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probably be very unequal, and would correspond to the urgency of the motives which impelled them to prosecute the study and to their views of its practical importance in promoting those arts which ameliorate and embellish social life. There might likewise be found in every nation individuals of superior intelligence and discernment who might attain to greater proficiency in geometry than was usual in the age in which they lived, and by their means the knowledge of its truths, and their application, might to a certain extent be disseminated. Before, however, it could assume a systematic form, it was evidently necessary that the minds of men should, either by natural or providential circumstances, be earnestly and steadily directed to its cultivation. Now, in the early ages of the world, human beings were principally urged to vigorous exertions of body or mind by the desire of increasing their physical enjoyments, or of providing against whatever might have a tendency to endanger either their own security or that of their possessions. It appears therefore by no means improbable that geometry as a science had, according to the commonly received tradition, its origin in Egypt, in consequence of its physical peculiarities. The early civilisation of that country, the peculiar nature of its climate, the fertility and value of its soil, annually enriched by a deposit of mud left on its surface by the inundations of the Nile, which must in the course of years have obliterated the boundaries of property, would gradually impress on the minds of its inhabitants the absolute necessity of discovering some method of accurately ascertaining the dimensions of their respective possessions, that thus they might be enabled to restore the boundaries which had been effaced. Their first efforts to attain their object would no doubt be tentative and very clumsy and inaccurate, but these, by directing their attention to the forms of the different portions of land, and the figures of the parts into which they could most conveniently be divided for the purpose of measurement, would induce them by degrees to investigate the peculiar properties of such figures, and the methods by which their contents could most accurately be determined. On the knowledge thus acquired, a system of rules of measurement would be founded which experience would improve, and to these new truths would be added as they were discovered. They appear also to have been in possession of the method of comparing magnitudes by supraposition, or by mentally applying the one of them to the other, in order to ascertain the conditions of their equality. The particular steps, etc., of their intellectual progress from the rude perceptions of sense to the refined and abstract conceptions which are presented to us in the definitions of geometry, it is now impossible to ascertain, as no record of them has been preserved. The geometrical knowledge of the Egyptians, however, appears to have scarcely extended beyond its elementary truths; but as they have left no writings on the subject, it is impossible to form any just estimate of their proficiency.
From Egypt, geometry was conveyed into Greece, where it was for a long period cultivated with great success. In the earlier ages of the world knowledge could not be acquired from books or written documents, as probably few or none existed. Men of learning and science, in different countries remote from each other, and not books, were then the only depositaries of knowledge. The philosopher, therefore, who was ambitious to extend the sphere of his information before he could gratify so laudable a desire, had, with great danger and inconvenience to himself, to travel to those countries where men eminent for learning and science had their residence. By holding intercourse with these sages, he could both invigorate his own mental powers and enlarge his views, and, by friendly conference and discussion, become master of whatever additional knowledge they had to communicate. With this view, the philosopher Thales is said, even at an advanced period of life, to have travelled to Egypt, and after gaining an acquaintance with learning and philosophy, as then cultivated in that country, he on his return introduced the study of these, and particularly that of geometry, into his native country. This event happened about 640 years before the Christian era. There are no certain traces of geometry in Greece previous to the time of Thales; from him, therefore, the study of the science in that country took its origin. He founded what is called the Ionian school, and his celebrity for learning and science drew to him many disciples. In this school the study of geometry was diligently prosecuted for many years, both by Thales himself during his life, and afterwards by several eminent men who became his successors, and who, by their combined labours, instructions, and example, imparted to their countrymen a taste for abstract speculation. About a century later, his scholar Pythagoras, in imitation of his master, travelled to India, Egypt, and other countries, in quest of knowledge. Having conversed with men eminent for science and philosophy wherever they were to be found, and having improved and enriched his mind by the wisdom of their communications, he, on his return, founded a school at Crotona in Italy, where he acquired great renown both as a philosopher and a geometrician. Thales and Pythagoras are reported to have made many discoveries in the science which cannot now be distinguished, and which have gone to enrich the common stock of geometrical knowledge. Thales, however, is said to have been the first that applied the circle to the measurement of angular magnitude, and he is certainly known to have discovered the important proposition, that all the angles in a semicircle are right angles. Pythagoras also has the singular honour of discovering and demonstrating the still more important theorem, that the square described on the hypothenuse of a right angled triangle is equal to the squares described on the two sides. These discoveries are convincing proofs that the knowledge of geometry which Thales and Pythagoras acquired in Egypt and elsewhere must have been of a very elementary description; for a system of geometry of which these two propositions form no part must be regarded as exceedingly defective. Pythagoras was also the first that observed that relation of lines called their incommensurability as that of the diagonal of a square to its side, and invented the five regular solids afterwards called the Platonic bodies. He appears, indeed, to have been one of the most eminent men of antiquity, possessed both of mental powers of the first order, and also of singular sagacity, who at that early period conceived and firmly maintained that theory of the solar system which has been so satisfactorily established in modern times. His doctrine of metempsychosis, or transmigration of souls, was no doubt extremely absurd, but in no degree more senseless and ridiculous than the modern theories of development, which, all rest upon the groundless assumption that matter is possessed of efficiency, a power of agitating, moulding, and expanding itself, a property of which the inductive philosopher declares it to be totally destitute, because it can be established by experiment that any change, either within or upon it, can be produced only by the operation of some extrinsic agency.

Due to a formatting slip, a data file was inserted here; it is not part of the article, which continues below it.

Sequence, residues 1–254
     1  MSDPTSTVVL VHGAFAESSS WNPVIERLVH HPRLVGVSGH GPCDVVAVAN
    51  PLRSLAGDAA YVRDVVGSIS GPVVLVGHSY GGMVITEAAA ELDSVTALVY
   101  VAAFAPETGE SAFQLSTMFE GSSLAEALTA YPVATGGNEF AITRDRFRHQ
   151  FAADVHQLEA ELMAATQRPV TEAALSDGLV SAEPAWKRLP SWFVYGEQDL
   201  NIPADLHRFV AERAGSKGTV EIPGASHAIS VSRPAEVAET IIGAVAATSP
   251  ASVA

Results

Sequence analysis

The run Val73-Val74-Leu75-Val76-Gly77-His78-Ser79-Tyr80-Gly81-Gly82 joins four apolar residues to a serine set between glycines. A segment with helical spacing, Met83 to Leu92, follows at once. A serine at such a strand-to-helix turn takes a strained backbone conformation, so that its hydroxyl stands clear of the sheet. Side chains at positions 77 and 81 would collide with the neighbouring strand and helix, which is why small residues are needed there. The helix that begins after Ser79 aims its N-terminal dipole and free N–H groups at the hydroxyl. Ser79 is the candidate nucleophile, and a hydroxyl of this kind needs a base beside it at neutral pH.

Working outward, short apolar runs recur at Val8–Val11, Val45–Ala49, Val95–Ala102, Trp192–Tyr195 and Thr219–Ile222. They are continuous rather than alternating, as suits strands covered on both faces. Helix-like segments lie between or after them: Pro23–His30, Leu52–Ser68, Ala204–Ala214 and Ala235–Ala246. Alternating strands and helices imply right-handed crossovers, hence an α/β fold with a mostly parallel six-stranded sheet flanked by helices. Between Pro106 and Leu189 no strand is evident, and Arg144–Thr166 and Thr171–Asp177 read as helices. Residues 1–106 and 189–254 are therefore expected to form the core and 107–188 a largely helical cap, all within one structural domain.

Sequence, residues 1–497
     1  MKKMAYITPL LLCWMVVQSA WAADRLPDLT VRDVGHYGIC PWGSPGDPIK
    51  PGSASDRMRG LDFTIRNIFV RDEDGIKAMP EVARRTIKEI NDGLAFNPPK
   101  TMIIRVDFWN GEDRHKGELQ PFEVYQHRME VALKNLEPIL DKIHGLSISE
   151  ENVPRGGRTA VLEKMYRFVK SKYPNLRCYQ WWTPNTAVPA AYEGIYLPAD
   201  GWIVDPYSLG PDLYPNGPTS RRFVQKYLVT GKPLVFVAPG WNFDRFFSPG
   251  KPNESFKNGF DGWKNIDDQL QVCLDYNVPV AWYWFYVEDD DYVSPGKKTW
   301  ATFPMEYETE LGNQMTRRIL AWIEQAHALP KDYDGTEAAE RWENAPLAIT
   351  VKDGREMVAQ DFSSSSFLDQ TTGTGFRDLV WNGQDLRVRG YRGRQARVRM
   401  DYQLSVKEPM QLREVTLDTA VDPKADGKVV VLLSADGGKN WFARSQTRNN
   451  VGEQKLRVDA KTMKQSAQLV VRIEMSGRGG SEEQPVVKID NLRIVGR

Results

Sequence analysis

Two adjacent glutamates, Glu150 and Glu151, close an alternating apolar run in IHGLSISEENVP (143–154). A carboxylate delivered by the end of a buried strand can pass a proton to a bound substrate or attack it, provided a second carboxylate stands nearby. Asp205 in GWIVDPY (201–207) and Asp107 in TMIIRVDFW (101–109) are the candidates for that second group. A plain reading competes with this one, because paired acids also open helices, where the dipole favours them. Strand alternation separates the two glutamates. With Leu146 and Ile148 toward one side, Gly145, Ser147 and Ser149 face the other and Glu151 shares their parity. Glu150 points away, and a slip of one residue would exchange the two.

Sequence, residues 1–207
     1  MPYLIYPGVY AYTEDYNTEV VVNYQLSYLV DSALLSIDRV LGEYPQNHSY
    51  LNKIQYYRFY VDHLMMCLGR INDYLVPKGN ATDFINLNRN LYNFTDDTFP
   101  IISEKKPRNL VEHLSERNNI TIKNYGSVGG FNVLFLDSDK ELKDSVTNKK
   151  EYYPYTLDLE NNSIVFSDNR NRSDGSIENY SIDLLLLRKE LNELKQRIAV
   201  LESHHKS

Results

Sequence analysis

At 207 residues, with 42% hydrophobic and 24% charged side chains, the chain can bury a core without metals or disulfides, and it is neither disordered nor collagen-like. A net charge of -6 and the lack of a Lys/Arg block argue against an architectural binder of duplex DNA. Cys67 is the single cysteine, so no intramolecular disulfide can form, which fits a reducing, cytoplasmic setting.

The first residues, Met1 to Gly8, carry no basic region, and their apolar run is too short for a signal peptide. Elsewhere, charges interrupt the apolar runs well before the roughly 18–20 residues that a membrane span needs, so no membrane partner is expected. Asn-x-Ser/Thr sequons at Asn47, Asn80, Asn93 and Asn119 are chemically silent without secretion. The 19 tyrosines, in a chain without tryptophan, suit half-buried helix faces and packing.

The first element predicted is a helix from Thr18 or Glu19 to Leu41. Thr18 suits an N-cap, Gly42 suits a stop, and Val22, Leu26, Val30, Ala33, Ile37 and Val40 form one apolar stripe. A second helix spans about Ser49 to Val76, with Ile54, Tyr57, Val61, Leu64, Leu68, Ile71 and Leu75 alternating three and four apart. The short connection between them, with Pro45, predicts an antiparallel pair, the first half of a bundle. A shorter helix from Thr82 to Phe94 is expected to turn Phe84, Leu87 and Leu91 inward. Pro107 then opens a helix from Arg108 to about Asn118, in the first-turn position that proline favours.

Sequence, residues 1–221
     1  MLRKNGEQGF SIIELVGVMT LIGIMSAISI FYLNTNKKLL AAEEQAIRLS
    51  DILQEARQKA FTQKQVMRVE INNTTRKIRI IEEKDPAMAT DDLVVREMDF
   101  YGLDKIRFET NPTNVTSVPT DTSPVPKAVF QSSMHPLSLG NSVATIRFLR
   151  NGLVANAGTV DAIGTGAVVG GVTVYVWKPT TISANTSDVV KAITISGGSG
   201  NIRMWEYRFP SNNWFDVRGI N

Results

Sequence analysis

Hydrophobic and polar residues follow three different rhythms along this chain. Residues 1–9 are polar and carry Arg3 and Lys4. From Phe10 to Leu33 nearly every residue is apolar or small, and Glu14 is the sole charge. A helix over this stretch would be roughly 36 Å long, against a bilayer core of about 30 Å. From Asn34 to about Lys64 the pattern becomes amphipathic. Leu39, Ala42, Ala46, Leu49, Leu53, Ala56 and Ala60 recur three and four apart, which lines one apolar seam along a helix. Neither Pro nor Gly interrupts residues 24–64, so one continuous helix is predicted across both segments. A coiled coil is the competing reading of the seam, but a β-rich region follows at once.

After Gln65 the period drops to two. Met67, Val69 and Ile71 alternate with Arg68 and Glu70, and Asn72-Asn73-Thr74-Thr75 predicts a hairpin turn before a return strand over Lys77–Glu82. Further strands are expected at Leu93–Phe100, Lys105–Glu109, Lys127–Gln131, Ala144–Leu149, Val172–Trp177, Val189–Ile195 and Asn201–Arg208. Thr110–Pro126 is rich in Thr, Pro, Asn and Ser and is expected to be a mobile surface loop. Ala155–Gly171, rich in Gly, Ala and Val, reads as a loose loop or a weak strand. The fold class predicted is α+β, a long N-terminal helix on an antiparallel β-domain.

The researches of the earliest geometers were confined to the properties of rectilineal figures, or rather to those of triangles, into which all rectilineal figures may be resolved. The circle probably engaged their attention only as a convenient instrument in the construction of such figures. The properties of this curve soon, however, became objects of inquiry, and a few of them were discovered at an early period in the progress of the science. The straight line and circle, and what could be effected by their combination, terminated the investigations of the first geometers with regard to lines and plane figures.
Their attention was next directed to plane surfaces and their intersections, to solids bounded by planes, and particularly to the three circular solids—the cone, the cylinder, and the sphere. The cone they supposed to be generated by the revolution of a right angled triangle about one of the sides containing the right angle; the cylinder by the revolution of a rectangle about one of its sides; and the sphere by that of a circle about its diameter. The discovery of the superficial and solid contents of these circular bodies were objects to which the ancient philosophers devoted much attention: this formed their sublime geometry, and their most strenuous efforts were put forth in its successful prosecution.
Such were the principal subjects of speculation which en